Mercedes of Castile; or, The Voyage to Cathay (1840)
Originally published in Warren S. Walker, Plots and Characters in the Fiction of James Fenimore Cooper (Hamden, CT: Archon Books, 1978), pp. 100-111.
Copyright © 1978 by Warren S. Walker. Placed online with the kind permission of Warren S. Walker, and of Shoe String Press, Inc.
[May be reproduced for instructional use by individuals or institutions; commercial use prohibited.]
Chapter numbers [in square brackets] have been inserted by the webmaster at approximately the point where each chapter begins, to facilitate locating particular plot incidents in the text.
— Hugh C. MacDougall
 The air of mystery with which this sea adventure of late fifteenth-century Spain begins is soon dispelled: the fortunes of two of the four leading kingdoms within Spain — Aragon, ruled by John II, and Castile, ruled by Henry IV — are to be united in 1469 by the marriage of cousins six months secretly engaged, brave young Ferdinand, heir to Aragon’s throne, and beautiful and reverent Isabella, heir to the more powerful throne of Castile. The prospective bridegroom, disguised as a servant in what appears to be a merchant caravan including his merry friend Don Andres de Cabrera, arrives safely at Valladolid, where Isabella has taken refuge during this period of severe political unrest.  Accompanying Isabella in her elegant quarters is her childhood friend, Beatriz de Bobadilla, lovely, loyal, and more lighthearted than her mistress. Beatriz, too, is to be wed, to Don Andres de Cabrera; so both await the arrival of the young men with anxiety and eagerness. To pass the time, they discuss both current conditions in the two kingdoms and nineteen-year-old Isabella’s previous suitors, chosen by her half brother Henry IV and roundly rejected by the queen-to-be.
 The political expediency of Ferdinand and Isabella’s marriage is fortunately accompanied by strong affection between the two heirs, evidenced in their first actual meeting, and the serious matters of property and of protection of the individual rights of the two kingdoms are thus amicably settled prior to the marriage. A papal bull sanctioning the consanguineous union is secured by the Archbishop of Toledo, and the two are wed. During the first twenty years after this strategic alliance, Ferdinand and Isabella both deal successfully with various civil disruptions, and Ferdinand makes good progress toward fulfilling a significant clause in their marriage contract: that he assume leadership in expelling the Moors from Spain. The conquest of Granada marks the achievement of that important purpose, a welcome conclusion to a campaign that had drained the treasuries of Aragon and Castile. On January 2, 1492, Christian symbols replace the Moslem ones in that sumptuous capital, and the royal couple await possession of the city formerly belonging to the last Moorish king, Boabdil.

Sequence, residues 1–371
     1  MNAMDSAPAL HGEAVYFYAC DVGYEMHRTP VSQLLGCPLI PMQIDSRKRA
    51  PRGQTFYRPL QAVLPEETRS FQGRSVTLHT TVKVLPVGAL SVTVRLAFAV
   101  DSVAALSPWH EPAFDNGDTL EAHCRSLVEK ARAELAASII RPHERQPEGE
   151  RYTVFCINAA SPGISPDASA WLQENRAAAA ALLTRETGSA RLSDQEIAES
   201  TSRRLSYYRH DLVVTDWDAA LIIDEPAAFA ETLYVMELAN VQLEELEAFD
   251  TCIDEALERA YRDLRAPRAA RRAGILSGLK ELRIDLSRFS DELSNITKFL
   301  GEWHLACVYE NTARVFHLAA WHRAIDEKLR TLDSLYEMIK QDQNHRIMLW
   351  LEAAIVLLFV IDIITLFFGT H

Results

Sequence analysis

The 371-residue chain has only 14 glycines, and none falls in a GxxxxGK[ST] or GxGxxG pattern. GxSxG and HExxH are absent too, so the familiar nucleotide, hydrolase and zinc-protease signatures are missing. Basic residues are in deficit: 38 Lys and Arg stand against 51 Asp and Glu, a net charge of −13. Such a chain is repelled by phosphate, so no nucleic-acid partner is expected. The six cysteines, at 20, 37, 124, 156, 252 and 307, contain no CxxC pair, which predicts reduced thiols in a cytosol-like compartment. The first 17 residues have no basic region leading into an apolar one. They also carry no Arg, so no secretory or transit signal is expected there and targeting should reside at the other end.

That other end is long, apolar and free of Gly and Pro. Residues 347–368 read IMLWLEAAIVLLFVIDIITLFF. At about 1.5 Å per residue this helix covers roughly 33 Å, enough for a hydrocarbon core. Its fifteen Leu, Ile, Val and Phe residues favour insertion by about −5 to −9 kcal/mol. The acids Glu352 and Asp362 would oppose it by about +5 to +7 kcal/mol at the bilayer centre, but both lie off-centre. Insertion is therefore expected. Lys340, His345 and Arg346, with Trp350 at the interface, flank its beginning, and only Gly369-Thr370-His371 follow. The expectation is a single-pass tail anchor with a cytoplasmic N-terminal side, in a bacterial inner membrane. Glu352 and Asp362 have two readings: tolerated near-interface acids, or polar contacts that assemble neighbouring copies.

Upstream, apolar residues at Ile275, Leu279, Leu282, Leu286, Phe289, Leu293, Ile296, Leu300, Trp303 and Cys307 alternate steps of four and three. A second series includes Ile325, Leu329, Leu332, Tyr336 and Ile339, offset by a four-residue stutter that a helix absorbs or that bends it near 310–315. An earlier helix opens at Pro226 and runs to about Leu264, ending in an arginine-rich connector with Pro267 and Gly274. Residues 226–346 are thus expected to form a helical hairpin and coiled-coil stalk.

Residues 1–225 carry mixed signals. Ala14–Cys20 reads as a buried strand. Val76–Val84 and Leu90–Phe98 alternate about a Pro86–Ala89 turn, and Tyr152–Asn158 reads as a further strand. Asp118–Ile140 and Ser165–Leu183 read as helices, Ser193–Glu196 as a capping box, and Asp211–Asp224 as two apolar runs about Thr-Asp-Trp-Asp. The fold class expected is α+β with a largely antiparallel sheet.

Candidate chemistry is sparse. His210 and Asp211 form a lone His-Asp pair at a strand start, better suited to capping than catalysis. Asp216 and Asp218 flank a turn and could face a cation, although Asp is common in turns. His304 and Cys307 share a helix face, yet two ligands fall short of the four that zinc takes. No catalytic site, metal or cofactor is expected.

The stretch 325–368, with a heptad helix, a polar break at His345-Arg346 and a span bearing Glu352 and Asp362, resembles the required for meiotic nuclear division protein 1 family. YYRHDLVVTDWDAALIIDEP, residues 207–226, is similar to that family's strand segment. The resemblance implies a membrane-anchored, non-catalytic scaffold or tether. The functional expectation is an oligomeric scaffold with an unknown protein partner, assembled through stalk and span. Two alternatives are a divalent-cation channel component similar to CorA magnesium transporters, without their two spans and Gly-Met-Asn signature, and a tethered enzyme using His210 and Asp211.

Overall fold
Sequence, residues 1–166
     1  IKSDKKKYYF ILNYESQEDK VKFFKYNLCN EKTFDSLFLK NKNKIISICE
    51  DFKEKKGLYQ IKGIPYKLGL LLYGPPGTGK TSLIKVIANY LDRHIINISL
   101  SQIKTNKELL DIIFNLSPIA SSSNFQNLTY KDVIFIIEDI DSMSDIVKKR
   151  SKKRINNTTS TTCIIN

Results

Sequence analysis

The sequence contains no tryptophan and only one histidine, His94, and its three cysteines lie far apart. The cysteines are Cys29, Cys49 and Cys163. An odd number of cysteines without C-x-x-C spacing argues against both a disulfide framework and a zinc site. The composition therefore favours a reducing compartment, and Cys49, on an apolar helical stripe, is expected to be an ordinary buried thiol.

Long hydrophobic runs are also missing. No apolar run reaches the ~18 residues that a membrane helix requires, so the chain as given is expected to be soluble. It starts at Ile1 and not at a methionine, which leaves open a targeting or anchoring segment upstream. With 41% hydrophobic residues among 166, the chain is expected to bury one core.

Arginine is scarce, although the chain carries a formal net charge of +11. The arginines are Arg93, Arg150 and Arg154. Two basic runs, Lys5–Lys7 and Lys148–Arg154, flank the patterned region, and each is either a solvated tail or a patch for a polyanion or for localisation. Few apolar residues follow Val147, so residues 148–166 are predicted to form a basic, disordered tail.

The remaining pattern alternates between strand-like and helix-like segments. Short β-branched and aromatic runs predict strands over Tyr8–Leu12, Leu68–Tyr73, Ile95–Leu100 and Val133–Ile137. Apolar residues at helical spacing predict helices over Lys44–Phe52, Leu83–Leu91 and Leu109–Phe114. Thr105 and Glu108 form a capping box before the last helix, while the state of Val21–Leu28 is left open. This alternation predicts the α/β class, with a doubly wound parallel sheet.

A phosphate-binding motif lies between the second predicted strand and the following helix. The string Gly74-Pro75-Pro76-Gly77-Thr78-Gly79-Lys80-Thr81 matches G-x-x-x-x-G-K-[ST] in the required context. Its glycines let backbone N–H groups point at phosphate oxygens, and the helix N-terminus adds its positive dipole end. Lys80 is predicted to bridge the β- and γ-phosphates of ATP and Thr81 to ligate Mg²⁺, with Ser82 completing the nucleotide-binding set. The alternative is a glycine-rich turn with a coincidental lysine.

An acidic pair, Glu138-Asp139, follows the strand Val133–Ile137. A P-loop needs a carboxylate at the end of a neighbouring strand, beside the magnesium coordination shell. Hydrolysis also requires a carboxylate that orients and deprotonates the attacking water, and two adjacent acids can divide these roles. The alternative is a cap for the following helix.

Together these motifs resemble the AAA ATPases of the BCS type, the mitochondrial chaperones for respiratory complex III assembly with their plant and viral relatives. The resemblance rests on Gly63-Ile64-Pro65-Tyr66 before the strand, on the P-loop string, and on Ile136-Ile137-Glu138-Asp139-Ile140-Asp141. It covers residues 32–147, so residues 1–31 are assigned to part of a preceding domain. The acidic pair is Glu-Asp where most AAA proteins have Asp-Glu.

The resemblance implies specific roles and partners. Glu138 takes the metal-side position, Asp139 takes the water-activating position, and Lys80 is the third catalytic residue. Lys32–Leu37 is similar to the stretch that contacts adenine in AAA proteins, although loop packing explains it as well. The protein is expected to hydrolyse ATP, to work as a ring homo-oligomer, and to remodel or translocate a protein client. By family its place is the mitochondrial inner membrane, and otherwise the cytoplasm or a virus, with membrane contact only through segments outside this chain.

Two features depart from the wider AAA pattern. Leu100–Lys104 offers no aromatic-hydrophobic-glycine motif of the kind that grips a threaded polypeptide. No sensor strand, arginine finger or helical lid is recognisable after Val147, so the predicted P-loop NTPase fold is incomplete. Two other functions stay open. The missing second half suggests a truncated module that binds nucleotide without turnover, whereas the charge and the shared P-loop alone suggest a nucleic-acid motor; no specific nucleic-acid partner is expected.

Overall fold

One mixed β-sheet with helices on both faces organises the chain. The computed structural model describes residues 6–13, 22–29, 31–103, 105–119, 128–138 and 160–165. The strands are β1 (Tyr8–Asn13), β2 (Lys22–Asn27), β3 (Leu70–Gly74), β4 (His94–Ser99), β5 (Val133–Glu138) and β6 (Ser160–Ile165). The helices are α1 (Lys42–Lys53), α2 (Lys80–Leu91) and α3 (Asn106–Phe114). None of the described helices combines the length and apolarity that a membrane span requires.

Among the throng of spectators at the formal occupation of Granada are two men whose subsequent actions provide the heart of the novel: Christoval Colon [Christopher Columbus], a middle-aged, devout Christian, and twenty-year-old Don Luis de Bobadilla, Beatriz de Bobadilla’s handsome and adventurous nephew, reputed a scapegrace and a rover. Young Luis’s attention is drawn to Columbus by the venerable Father Pedro de Carrascal, deeply committed — as is Queen Isabella’s companion Beatriz de Bobadilla — to Columbus’s bold proposal of sailing west across the unexplored Atlantic to reach the Orient. Further details about the grave, dedicated mariner prompt Luis to secure through Fray Pedro an introduction to the upright Genoese dreamer-scholar-mapmaker himself. This first encounter wins Luis to Columbus the man; a subsequent interview with his beloved Mercedes de Valverde, orphaned niece and ward of Beatriz de Bobadilla, wins Luis to Columbus’s cause.  To prove his worthiness as the suitor for Mercedes’s hand, Luis will accompany the intrepid Columbus on his proposed voyage of discovery, a journey that Columbus, Beatriz, Mercedes, and Queen Isabella view as a means of carrying the Christian faith to the heathen. Mercedes, who has promised Queen Isabella that she will not marry without the sovereign’s consent and presence, reveals to Luis both this vow and her own wholehearted love for the impetuous young cavalier, who has countless times professed his devotion to the deeply religious, beautiful, and wealthy Mercedes. Beatriz herself, determined that Luis must demonstrate stability and dedication as well as daring, is satisfied that Luis’s service in Columbus’s holy cause will win the queen’s approval of Luis as Mercedes’s husband.